The first one is to correct the tone of the signal that is picked up by the turntable. When a record is carved, the bass (lower tones) of the music is significantly reduced and the treble (higher notes) are significantly increased. This is because lower tones take up more physical space on the records (wider grooves) than higher tones. So to be able to space more than one song on each side of a record this RIAA equalization technique is used.

So the first (and very important) task of the preamp is to correct the tone of the signal so that the music will sound right.

The other task is to boost the tiny PHONO signal that is picked up by the turntable to what is called a LINE level signal. LINE level is a standard signal level that is outputted by all consumer music equipment like CD players and DVD players. And that can be inputted to an amplifier. Or to powered speakers. 

The amplifier

The function of the amplifier (also called receiver) is to amplify the music signal so that it is strong enough to drive the speakers. 

In addition, an amplifier (or receiver) usually includes input selector, digital to analog converter for digital music input, functionality for surround sound, radio, etc. 

And sometimes also a PHONO input and a built-in preamp. 

So just as with turntables, amplifier/receivers also come with and without built-in preamps. 

The speakers

Speakers convert the power-amplified music signal to sound in the air. 

If the speakers are passive they need a standalone amplifier to drive them. 

But if they are active or powered they have a built-in amplifier. Which means that any source that outputs a LINE signal can be connected to them. Including a turntable with built-in preamp. 

So to connect your turntable directly to speakers, make sure that you run active/powered speakers.

(Powered speakers with built-in preamp have become more popular recently, but most powered speakers still don’t include a phono preamp.) 

Stereo Configurations 

In total there are five different ways to configure a stereo setup that plays vinyl records. As we have seen, only one of them allows us to connect a turntable directly to speakers.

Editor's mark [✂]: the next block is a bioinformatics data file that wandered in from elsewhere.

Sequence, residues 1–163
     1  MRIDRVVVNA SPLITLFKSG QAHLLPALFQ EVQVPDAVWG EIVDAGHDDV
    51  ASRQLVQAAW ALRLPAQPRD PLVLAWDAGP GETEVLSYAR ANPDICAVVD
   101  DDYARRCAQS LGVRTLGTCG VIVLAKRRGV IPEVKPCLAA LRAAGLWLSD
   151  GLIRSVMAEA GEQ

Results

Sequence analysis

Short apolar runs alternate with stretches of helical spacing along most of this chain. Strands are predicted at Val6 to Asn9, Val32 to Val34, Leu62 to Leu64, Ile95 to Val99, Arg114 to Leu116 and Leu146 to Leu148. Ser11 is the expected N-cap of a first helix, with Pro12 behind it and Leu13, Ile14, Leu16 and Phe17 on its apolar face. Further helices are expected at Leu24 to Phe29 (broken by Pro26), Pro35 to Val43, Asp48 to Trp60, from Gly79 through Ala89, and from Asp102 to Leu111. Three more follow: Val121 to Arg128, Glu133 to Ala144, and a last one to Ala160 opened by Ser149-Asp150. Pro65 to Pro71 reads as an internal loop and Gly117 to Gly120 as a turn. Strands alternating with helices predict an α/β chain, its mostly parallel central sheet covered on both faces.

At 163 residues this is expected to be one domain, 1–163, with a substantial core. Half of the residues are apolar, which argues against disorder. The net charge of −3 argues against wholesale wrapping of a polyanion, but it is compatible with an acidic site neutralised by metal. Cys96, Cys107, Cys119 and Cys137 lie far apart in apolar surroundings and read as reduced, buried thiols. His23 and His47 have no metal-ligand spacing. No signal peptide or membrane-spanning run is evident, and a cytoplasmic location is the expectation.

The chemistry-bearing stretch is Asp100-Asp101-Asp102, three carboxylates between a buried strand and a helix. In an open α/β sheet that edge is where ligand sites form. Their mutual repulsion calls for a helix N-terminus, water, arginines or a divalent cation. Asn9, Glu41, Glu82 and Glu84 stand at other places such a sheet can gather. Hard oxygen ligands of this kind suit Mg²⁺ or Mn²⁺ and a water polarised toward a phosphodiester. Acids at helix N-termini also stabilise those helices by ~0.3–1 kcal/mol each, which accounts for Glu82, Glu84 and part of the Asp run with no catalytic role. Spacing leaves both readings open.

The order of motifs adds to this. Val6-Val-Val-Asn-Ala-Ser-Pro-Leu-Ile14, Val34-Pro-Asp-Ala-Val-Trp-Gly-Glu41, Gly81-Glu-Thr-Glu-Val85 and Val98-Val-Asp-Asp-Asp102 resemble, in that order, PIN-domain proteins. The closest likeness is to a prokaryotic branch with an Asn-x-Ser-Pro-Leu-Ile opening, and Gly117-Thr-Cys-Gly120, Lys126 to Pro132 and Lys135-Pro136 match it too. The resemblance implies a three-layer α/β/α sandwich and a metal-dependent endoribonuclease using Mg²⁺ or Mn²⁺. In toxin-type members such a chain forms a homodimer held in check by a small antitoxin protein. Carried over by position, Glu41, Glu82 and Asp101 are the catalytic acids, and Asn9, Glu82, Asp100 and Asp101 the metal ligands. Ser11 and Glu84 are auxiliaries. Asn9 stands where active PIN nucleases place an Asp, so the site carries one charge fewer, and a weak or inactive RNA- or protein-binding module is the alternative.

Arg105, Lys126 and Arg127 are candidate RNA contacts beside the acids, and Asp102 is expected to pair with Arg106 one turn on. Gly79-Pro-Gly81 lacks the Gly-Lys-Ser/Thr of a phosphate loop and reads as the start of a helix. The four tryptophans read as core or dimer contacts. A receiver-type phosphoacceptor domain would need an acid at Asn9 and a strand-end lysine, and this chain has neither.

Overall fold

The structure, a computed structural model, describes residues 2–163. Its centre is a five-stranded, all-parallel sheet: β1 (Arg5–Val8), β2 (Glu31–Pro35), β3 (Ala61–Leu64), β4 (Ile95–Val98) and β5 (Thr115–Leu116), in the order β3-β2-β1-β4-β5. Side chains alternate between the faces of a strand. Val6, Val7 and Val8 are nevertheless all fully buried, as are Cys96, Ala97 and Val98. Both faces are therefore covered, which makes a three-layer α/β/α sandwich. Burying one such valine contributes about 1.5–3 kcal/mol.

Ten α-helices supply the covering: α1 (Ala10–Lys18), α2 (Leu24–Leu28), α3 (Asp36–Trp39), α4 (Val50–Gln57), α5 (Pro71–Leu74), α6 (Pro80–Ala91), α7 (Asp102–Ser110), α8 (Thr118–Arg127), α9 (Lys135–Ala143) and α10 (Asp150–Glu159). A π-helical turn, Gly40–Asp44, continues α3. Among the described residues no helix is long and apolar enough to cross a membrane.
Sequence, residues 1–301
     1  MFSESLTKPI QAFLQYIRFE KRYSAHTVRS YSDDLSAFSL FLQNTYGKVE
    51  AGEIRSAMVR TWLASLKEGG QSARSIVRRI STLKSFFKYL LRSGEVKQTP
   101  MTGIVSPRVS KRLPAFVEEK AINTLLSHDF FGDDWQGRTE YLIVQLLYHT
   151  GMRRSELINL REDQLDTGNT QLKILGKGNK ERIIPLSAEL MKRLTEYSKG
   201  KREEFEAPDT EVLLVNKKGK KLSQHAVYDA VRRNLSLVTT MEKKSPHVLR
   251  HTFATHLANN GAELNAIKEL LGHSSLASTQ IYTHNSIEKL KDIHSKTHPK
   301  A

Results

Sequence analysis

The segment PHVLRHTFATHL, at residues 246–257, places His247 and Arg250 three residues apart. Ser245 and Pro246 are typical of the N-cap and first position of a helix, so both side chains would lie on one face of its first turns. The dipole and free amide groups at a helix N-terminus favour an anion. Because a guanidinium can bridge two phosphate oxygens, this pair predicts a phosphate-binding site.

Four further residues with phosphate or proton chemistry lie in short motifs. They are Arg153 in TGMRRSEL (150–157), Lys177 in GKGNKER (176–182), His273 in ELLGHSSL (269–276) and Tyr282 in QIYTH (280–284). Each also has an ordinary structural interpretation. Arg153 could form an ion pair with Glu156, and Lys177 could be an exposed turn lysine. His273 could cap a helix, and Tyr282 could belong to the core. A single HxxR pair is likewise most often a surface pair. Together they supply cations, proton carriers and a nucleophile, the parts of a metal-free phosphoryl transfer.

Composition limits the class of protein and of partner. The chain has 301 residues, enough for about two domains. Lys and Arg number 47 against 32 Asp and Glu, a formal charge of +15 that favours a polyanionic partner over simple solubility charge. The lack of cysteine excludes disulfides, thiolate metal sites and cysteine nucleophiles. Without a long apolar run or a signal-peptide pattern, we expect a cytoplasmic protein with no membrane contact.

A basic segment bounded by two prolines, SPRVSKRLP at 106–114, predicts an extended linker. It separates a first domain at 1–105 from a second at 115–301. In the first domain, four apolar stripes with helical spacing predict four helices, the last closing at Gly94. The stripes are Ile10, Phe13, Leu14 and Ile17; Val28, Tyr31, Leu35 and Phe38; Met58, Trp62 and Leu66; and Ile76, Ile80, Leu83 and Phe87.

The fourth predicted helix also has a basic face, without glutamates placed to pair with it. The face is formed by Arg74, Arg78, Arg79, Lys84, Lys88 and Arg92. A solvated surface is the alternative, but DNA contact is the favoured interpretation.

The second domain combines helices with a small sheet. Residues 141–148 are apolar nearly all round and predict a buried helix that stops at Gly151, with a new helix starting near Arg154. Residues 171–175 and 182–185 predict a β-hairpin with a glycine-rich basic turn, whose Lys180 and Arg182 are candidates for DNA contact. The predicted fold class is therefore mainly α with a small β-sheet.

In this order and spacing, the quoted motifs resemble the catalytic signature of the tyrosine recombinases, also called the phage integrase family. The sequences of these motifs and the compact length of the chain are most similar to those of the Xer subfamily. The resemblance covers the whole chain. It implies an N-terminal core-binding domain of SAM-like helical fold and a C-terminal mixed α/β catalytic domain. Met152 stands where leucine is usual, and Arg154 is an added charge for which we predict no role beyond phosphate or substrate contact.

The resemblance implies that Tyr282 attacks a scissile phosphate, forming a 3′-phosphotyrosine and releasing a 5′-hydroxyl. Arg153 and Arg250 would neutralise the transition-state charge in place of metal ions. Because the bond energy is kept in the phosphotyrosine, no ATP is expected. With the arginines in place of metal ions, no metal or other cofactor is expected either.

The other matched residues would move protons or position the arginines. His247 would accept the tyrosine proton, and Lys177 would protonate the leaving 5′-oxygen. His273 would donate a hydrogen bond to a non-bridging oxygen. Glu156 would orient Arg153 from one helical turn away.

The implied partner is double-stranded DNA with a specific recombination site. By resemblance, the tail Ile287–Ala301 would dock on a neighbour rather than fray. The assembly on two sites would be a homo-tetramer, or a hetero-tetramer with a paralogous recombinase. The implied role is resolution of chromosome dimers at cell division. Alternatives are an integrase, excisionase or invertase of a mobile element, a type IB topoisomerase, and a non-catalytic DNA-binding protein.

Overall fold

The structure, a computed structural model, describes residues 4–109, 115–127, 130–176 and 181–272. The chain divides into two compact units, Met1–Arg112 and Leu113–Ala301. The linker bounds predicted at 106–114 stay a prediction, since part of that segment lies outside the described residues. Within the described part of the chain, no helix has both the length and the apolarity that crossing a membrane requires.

• Turntable with built-in preamp
  • Powered speakers

But to see which options that actually are available, all the five configurations are described in brief below. For a more in-depth review of this, please check out this article.

Setup One 

  • Turntable with built-in preamp
  • Powered speakers

(This system will also work if the preamp is included in the powered speakers instead of the turntable.)

Setup Two 

  • Turntable with PHONO output
  • Standalone preamp 
  • Powered speakers

Setup Three 

  • Turntable with built-in preamp
  • Amplifier/Receiver 
  • Passive speakers

Setup Four 

  • Turntable with PHONO output 
  • Amplifier/Receiver with built-in preamp 
  • Passive speakers

Setup five 

  • Turntable with PHONO output
  • Standalone preamp
  • Amplifier/Receiver 
  • Passive speakers

What is the difference between powered and passive speakers? Powered speakers (or active speakers) have the power amplifier built-in. So they don’t need to be driven by a standalone amplifier/receiver as passive speakers do. Powered speakers can often be connected wirelessly (Bluetooth) so that no signal cables are necessary to play music. Powered speakers connect to power. Passive speakers don’t.

What is the difference between an amplifier and a stereo receiver? An amplifier is technically speaking a component that takes a low-level signal from an input source and boosts/amplify it so that the signal is stronger on the output side. It can, for example, take the signal from a CD player and boost it so that it can power speakers. A receiver, on the other hand, is basically an amplifier with a few extra features built-in. A receiver can have a built-in radio, built-in digital to analog converter (DAC), built-in Dolby surround decoder, etc. etc. In today’s audio/video slang the terms are often used in interchangeably.